Garrett is slated to compete in the pole vault event at noon on Friday, June 5 in Austin and then hopes to make it back in time to speak at the Como-Pickton graduation ceremony that evening at the Hopkins County Civic Center at 7:30 p.m.

“I expect that she will make it back from state in time. The state meet does not have as many competitors with only eight pole vaulters, so it should not take quite as long. State is run off by a schedule that is on time,” said Rodriquez.

The UIL state track and field track was rescheduled for the June 5-6 dates due to the swine flu altercations. “I think this upset many vaulters,” said Rodriquez in reference to the changes and delays. “Some (at district) only jump for place, not height, but I understand the expedience to execute the state meet. Canceling that would have been worse… (on the good side) we ended up with an extra month of track.”

At the Elite Vaulter Sports Complex, Garrett is able to train with convenience of being indoors with the same conditions (that can be created when large doors are opened) as being outdoors. “The Russians, that hold all the records, trained indoors,” Rodriquez stated. “I am looking forward to working with her (Garrett) at the summer camps we offer.”

Garrett, the co-recipient of the recent respected C-P Ron Heflin Fighting Heart award, uses the Essex brand pole vault pole for her competition. “This is the pole that works best for Deanna,” her coach mentioned. “I expect she will start at 10-6 and go from there.” The starting height for girls in the 2A classification is 7-6, increasing at 6 inch increments until four vaulters remain and thereafter three inch increments.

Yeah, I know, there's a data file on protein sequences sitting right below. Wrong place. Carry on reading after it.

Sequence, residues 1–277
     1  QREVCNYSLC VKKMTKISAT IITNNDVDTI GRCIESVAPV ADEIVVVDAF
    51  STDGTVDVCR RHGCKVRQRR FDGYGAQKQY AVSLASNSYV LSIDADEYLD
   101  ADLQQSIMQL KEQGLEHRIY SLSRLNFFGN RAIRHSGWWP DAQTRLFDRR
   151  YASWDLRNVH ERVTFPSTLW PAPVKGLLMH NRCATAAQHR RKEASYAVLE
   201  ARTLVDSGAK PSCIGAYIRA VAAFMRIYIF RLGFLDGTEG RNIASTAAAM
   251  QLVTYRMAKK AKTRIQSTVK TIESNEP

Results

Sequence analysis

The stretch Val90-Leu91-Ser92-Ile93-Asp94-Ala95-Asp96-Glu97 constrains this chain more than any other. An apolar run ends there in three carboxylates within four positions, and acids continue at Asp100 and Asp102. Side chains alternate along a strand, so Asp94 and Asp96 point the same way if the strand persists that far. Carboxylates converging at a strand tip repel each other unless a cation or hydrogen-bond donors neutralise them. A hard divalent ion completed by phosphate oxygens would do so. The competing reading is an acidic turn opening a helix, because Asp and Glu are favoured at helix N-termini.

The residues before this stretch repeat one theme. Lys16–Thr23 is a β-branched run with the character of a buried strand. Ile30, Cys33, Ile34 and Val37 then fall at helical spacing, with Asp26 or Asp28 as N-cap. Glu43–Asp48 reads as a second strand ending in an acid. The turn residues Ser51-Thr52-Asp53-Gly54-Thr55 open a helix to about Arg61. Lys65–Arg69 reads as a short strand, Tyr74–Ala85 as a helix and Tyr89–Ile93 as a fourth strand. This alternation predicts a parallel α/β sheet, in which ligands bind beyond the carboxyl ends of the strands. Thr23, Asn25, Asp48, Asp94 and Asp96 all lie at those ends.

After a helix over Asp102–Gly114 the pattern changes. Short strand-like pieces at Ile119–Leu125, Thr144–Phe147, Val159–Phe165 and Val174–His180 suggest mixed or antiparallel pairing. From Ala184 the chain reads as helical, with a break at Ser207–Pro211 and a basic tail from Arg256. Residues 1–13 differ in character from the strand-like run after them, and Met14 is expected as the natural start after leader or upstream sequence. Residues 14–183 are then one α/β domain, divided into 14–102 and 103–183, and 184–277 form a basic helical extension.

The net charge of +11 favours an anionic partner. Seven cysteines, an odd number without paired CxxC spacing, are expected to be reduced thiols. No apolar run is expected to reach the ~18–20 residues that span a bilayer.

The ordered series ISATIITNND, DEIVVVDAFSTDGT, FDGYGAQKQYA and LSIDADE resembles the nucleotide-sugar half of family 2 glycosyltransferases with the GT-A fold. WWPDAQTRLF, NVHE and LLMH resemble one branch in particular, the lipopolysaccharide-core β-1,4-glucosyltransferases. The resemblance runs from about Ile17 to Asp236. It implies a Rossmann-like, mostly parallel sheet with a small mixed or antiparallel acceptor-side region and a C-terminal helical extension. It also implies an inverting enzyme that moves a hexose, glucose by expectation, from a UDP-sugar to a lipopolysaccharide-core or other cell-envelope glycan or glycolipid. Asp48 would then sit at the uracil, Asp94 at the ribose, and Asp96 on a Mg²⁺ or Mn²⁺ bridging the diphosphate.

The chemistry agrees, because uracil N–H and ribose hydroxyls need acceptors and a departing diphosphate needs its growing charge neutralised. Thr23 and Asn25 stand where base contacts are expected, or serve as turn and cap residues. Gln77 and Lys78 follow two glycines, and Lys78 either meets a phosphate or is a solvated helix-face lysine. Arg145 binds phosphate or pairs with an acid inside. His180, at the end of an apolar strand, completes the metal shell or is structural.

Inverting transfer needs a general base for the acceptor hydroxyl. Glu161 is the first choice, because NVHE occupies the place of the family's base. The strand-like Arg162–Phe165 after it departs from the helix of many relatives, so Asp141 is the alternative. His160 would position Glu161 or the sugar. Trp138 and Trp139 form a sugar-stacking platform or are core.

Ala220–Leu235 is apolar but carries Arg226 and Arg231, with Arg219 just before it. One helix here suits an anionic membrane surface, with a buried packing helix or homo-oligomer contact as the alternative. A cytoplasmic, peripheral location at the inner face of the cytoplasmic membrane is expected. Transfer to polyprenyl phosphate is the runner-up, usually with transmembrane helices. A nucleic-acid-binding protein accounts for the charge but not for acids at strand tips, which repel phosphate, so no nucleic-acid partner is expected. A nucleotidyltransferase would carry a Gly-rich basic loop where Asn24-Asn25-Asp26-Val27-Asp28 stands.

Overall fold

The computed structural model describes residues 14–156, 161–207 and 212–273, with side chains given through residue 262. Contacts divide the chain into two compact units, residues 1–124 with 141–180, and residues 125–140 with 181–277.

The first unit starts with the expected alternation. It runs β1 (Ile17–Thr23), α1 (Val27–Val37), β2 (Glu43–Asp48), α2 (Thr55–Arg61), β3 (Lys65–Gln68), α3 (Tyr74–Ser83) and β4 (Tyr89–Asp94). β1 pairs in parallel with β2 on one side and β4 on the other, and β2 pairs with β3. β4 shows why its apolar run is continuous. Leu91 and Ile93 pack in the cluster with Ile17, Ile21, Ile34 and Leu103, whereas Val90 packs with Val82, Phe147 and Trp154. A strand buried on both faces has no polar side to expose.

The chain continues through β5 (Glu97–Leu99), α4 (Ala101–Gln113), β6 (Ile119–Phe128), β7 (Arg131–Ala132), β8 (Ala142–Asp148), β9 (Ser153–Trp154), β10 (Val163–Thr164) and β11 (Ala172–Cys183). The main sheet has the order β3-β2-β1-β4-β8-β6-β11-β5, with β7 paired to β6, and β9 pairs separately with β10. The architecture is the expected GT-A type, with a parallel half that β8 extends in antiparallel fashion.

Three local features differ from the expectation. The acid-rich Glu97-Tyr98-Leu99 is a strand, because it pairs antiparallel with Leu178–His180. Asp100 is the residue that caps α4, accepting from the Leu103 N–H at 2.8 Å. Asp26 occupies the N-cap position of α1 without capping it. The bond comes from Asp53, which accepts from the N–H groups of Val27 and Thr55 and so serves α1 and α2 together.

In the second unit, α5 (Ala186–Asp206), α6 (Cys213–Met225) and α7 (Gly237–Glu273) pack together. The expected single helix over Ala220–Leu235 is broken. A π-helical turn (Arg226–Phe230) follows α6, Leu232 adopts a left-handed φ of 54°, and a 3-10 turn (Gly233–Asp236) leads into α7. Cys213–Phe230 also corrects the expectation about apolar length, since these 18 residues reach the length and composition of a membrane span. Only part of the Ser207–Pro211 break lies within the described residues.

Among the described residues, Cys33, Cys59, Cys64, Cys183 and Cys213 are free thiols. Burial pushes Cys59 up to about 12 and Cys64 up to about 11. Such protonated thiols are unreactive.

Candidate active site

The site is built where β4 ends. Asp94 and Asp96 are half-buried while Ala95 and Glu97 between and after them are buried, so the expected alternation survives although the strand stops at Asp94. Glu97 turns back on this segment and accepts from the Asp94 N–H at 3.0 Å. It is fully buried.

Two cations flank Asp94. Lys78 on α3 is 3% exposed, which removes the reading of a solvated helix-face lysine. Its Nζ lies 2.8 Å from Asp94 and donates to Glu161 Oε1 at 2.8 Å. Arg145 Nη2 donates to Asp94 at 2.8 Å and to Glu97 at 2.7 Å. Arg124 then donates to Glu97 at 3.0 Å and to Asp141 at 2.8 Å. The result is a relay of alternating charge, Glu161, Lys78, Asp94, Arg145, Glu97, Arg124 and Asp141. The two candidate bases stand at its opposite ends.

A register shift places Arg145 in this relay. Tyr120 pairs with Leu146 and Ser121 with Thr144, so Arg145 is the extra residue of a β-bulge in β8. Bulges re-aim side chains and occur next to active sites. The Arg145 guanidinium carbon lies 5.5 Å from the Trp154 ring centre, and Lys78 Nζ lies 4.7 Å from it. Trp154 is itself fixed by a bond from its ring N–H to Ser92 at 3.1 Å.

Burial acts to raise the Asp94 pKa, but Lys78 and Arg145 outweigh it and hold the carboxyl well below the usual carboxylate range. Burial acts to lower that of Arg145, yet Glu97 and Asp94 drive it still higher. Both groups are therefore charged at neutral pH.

Besides participation all four years in athletics (volleyball, basketball, track) she hopes to continue to compete in pole vault events at UTA. Garrett also participated in the UIL One Act Play contest as a freshman, and was an All-American Cheerleader and varsity cheerleader for three years.

“My coach asked me if I wanted to go higher. My answer was simple, 'yes',” Deanna Garrett recently said. In 1998, Rodriquez introduced a pole vaulting club "Texas Pole Vault" which started developing pole vaulters of all ages, level and gender. For the past six years many of these vaulters have medaled at the Texas State Championship and both USATF and AAU National competitions.

Putting her lucky, colorful socks to good use, Garrett has already exceeded novice and gold levels to move beyond the highest level of elite in the club.

“She is a good teacher,” ended Rodriquez. “She will excel at whatever she sets her mind to do.”